Do you remember sitting in elementary school and being asked the question, “What do you want to be when you grow up?” Like an early career fair, sometimes you wrote a paragraph on the topic or discussed it in class when guest speakers came to relate their exciting tales of their specific job positions.
However, to be honest, I don’t ever remember someone specifically asking me this question (besides the classroom setting as a whole) or if I ever gave a specific answer. I have tried to think back to see if I can remember, but I think my career interests back then until the time I reached high school were merely daydreams. I do remember at a young age seeing an orchestra perform on television and that is when I decided I would someday learn to play the flute. When this turned into a reality, I then ventured to dream that I would play in an orchestra…maybe a famous soloist. Well, I did get my solo moments in concert band. We may not have been an orchestra, but I consider performing Georges Bizet’s songs from his opera Carmen a good try (plus it was my favorite solo moment.)
There were other daydreams. I had always wanted to be a singer in a band. I strummed my air guitar or keyboard as I jammed to the music. Being an over dramatic girl, I played the roles of Florence Nightingale or once pretended to be a doctor. I sat on the side of my bed, clip board in the left hand, and stared at my invisible patient. As I went on to explain how the eye is connected to the brain, my invisibility was intruded when my sister (unknown to me) walked in on my consultation. Yes, the eye is connected to the brain, and somehow that was the funniest scientific truth my sister had ever encountered.
It was not until high school that I started to take interest in careers that were more than daydreams. Once I discovered I had interest in the world of business, I filled my schedule with classes such as Accounting I and II, Marketing, computer courses (much has changed in technology since then!) and I jumped at the opportunity to be an editor of our school yearbook. After I graduated, my job at the local florist shop gave me experience in every area, with my favorite of handling the money transactions or office management, such as mail and filing. It came to no surprise then when I started college with an Accounting major in mind. After failing miserably on my mid-term in Accounting II, I realized that the subject was way over my head and focused my emphasis on Management instead.
The funny part about having a degree is that sometimes it pertains nothing to your current career. To make a living while finishing college, I worked as a cashier–even after graduating. I slowly gained responsibility and trained to be a cash officer, which ironically, resembles an accountant’s role minus taxes and payroll. I enjoyed this and for the first time felt I had “a career.”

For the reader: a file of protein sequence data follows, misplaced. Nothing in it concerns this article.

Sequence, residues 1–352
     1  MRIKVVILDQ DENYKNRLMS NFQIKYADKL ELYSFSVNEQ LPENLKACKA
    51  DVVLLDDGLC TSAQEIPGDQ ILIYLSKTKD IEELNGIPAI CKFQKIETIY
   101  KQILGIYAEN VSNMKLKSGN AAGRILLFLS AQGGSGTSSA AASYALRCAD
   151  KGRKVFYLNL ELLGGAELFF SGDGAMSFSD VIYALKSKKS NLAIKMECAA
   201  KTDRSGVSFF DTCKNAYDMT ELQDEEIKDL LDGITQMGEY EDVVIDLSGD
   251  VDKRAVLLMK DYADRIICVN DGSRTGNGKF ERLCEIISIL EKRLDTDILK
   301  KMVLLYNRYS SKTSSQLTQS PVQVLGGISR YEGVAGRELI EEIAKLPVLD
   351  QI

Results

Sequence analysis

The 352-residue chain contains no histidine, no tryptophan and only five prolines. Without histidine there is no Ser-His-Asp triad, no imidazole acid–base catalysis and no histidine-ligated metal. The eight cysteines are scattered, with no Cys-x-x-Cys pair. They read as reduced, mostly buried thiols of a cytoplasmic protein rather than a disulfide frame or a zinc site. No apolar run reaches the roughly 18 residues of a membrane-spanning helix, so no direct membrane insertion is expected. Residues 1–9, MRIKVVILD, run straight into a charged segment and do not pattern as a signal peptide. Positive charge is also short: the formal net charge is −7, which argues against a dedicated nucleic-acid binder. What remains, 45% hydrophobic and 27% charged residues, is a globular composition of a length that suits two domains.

I was crushed when I felt God calling me to end my career that I loved last October, but I see now that it was His timing as the winter brought all the health battles. By the time March rolled in, I was feeling myself again physically and was becoming bored. So I restarted job searching. I wrote once back in college, “Job hunting is like chasing a white rabbit in the snow.” My sister wrote me back and commented, “That’s a simile.” I don’t have any clever similes up my sleeve this time, but I will say that the search has been frustrating. Not because there are no jobs on the market, but because I am not physically what I was even two months ago and I guess I question what I can actually perform in the world of work.
I know work means many things–there is work where you get paid or you can volunteer your time and work to serve others, both being honorable positions as long as the motive in your heart is pure. Colossians 3:17 says, “And whatever you do, in word or deed, do everything in the name of the Lord Jesus, giving thanks to God the Father through him.” I enjoy the times of volunteering–even if it is just time spent with a friend on a lunch date. But I also have a desire to work and finally admitted I needed help in that process, so I contacted the Bureau of Vocational Rehabilitation. After being approved for their services, I had another meeting with them yesterday to continue the process.
I was still uneasy about the meeting, but over breakfast I did more brainstorming on different areas that I wanted to discuss with the counselor. As I finished my coffee, I set out to finish the last chapter in the devotional book I started about a month ago. God’s timing of words spoken to the heart never cease to amaze me. And so I read:
Out of all history, God chose this time for you to be on earth.
We may think back with regret on who we wish we’d been. We may look forward with fear about who we might (or might not) become. But the only place where we can offer ourselves, where God can use us, is the moment we’re in right now.
Gerth, Holley. You’re Already Amazing. Grand Rapids, MI: Revell, 2012. (180-181).
I may not kn0w my future career, or the timing of it how it will all come together, but I can rest assured…life is more than the aimless chasing of white rabbits in the snow.